Spyware control:  Make sure you have the latest versions of Ad-Aware (1.06), SpyBot Search & Destroy (1.4), and Microsoft AntiSpyware.  You can get the first 2 free from www.download.com, but you have to manually run and update them.  MS AntiSpyware is free from Microsoft.com, and is linked right on their homepage.  http://www.microsoft.com/downloads/details.aspx?FamilyID=321cd7a2-6a57-4c57-a8bd-dbf62eda9671&displaylang=en.  This one sets itself up the first time you run it to automatically update and scan.  I run this one continuously, and the other 2 every few weeks.  Note that Ad-Aware is a little confusing when you run it – it will give you a list of critical threats, but you must select each or all of them (right click-select all) and then click next to actually remove them; otherwise it just leaves them alone.  Ad-Aware finds stuff that SpyBot doesn’t and vice-versa.  Always download the latest definition updates with bot Ad-Aware and Spybot, and make sure you choose ‘Immunize’ with Spybot, which will silently block some of the bad stuff from getting loaded in the first place.  The MS product is Giant software’s product, and is considered best of breed, but isn’t available for Win9x/Me.

Antivirus:  Everybody needs a subscription to an antivirus program.  I still recommend Symantec’s products, although they’ve tightened up their licensing and it makes it tougher to get it onto cheap customer’s computers.  At the minimum, make sure you are running Norton Antivirus, and ensure that the virus definitions are less than 1 week old and that it has done a full scan in the last week.  If the Auto-Protect icon isn’t on down near the system time, get help, because it usually indicates trouble.  Norton Internet Security 2005 has AntiVirus, Internet Firewall and Antispam in one box for about $65 (1 year).  Note that the Antispam piece only works if you use Outlook or Outlook Express, although I think they might have added some extensions for Yahoo mail and the like.  AOL’s antispam is respectable at this point, but that’s the only nice thing I’ll say about AOL J.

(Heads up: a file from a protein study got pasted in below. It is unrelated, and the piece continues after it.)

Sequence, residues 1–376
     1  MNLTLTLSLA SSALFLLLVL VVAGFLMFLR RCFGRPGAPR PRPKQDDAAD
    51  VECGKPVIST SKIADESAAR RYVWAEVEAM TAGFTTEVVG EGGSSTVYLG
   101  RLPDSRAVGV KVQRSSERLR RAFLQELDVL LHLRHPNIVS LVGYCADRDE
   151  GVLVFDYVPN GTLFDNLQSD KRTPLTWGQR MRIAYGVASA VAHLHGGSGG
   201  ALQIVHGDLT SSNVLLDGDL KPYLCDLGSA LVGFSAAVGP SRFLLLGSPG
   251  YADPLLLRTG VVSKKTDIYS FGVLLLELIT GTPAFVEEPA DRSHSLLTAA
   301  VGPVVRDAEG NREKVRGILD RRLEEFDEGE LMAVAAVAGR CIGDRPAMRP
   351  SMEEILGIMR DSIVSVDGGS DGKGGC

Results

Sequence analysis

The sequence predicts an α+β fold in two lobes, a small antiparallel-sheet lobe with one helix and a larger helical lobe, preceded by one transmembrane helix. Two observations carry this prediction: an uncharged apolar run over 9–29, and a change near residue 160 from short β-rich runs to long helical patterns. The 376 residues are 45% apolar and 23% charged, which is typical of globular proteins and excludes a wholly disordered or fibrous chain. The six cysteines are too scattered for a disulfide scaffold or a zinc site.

If you’ve got P2P software like Kazaa on your system, you _will_ receive lots of infected stuff.  Move over to Azureus, a really good BitTorrent download manager instead.  You’ll have to find tracker sites, but the content is generally cleaner.  I’ve had a number of client systems that I’ve had to clean repeatedly because of Kazaa.

Phishing scams are a form of SPAM, and can only be controlled by AntiSpam products and common sense.  No reputable organization will ask you to reverify your information by emailing you a link to a form.  You can tell it’s a scam just by hovering your mouse pointer over the link – the actual like information will pop-up and will probably not match.  Most of the links will start with http://xxx.yyy.zzz.aaa (a bunch of numbers), instead of matching up with the text displayed. 

Schroeder family trip to L.A.

My brother Mark sent pictures from the family’s recent trek to see my brother Steve in Los Angeles, CA, over the Memorial Day weekend.  Mom & Dad went for the first time (he’s only been there about 10 years!).  I couldn’t make it due to fiscal constraints and concert performances scheduled (since canceled due to another trip), and my brother David also couldn’t come out.  Still, it was a great trip for them.  I’ve attached a few for your perusal.

BTW, the thin connection with Mr. Cruise is that Tom Mapother graduated from my alma mater, Glen Ridge High School, Glen Ridge NJ in my brother Mark’s class of 1980.  My wife worked out in the school weight room with him occasionally.  He may have even played roller hockey on our tennis court at some point.  I doubt he would recognize any of us now, but Steve frequently cites Tom’s story as his inspiration for his acting career.